2- I didn't want to get too bogged down with the details of all of the testing before Toyota would recommend a course of action (in this case, replacing the valve stem seals). Toyota required a series of tests, including compression tests, camera scopes (looking for oil residue), PCV valve check, ECU data analysis, etc. Then after the heads were removed, they were sent off to a performance machine shop to be spec'd. Everything checked out. There were no discernible issues. The local tech at the dealer doing the work has followed Toyota's guidance at every step.

Once again, I'd love for those of you with a 5.7L to conduct the test mentioned above and report back the results. In fact, it might even be instructive to have those of you with a 4.7L also conduct the test and see if you get the same results. It would be so helpful to have some data that we could feed Toyota.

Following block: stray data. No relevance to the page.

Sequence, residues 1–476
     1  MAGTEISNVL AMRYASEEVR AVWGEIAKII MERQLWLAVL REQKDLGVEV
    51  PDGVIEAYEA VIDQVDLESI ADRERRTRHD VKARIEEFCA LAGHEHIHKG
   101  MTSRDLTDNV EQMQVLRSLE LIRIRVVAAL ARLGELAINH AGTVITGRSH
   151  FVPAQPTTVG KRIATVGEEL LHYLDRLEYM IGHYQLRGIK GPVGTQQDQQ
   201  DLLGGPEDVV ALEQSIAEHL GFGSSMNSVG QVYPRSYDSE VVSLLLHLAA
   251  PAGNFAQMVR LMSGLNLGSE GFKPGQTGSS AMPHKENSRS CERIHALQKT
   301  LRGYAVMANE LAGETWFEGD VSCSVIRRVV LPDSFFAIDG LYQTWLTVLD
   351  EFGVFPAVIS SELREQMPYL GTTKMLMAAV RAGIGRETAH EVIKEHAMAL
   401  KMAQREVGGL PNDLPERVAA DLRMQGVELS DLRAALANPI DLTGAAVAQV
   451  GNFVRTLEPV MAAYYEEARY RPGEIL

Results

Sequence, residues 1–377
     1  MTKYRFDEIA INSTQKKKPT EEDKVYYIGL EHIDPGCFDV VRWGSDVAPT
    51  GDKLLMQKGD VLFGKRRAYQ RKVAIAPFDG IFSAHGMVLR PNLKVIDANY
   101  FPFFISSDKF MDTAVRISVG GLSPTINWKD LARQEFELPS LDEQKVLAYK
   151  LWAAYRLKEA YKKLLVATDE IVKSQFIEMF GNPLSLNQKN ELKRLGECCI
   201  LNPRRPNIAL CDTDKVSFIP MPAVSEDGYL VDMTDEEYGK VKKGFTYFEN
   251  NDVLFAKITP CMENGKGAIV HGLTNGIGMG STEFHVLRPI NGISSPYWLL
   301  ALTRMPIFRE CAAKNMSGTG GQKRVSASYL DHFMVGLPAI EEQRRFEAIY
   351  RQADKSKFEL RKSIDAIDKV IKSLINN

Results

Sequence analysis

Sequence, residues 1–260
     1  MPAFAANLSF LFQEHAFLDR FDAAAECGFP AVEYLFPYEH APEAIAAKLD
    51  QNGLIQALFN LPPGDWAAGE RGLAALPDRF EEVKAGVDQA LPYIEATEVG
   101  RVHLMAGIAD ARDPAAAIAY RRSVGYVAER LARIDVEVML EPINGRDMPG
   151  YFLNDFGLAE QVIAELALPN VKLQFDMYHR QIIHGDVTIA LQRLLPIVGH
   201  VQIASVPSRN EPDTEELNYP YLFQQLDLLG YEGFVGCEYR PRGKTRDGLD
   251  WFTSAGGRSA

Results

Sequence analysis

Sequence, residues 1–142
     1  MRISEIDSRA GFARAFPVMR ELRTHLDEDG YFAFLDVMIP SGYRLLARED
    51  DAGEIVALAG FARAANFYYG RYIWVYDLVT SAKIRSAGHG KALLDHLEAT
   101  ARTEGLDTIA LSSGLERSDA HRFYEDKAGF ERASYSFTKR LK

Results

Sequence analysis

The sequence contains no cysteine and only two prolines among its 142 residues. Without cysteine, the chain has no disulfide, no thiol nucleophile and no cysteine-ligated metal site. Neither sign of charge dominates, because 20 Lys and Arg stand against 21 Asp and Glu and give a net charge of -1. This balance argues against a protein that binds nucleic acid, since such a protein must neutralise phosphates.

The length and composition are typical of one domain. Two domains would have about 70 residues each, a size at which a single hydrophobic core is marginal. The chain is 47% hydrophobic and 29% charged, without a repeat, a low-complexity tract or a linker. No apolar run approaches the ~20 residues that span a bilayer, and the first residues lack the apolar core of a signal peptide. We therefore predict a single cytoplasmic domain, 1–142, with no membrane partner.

My 2017 5.7 tundra just did this for the first time this morning. Drove home an hour on the expressway 75-80 mph. Got off my exit the rest of the way is surface streets 25-35 mph approximately 1 mile. Parked it. Started it this morning and there it was a cloud of smoke. White with a bluish tint. 24000 miles original owner Toyota serviced always synthetic oil.switched to Toyota after my ford was a lemon. Now what. Smh
 

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On my 2007 with 250,000 I get a touch of smoke randomly on a cold start, maybe once a month. Engine burns no oil. Smoke is more grey than blue. Cam.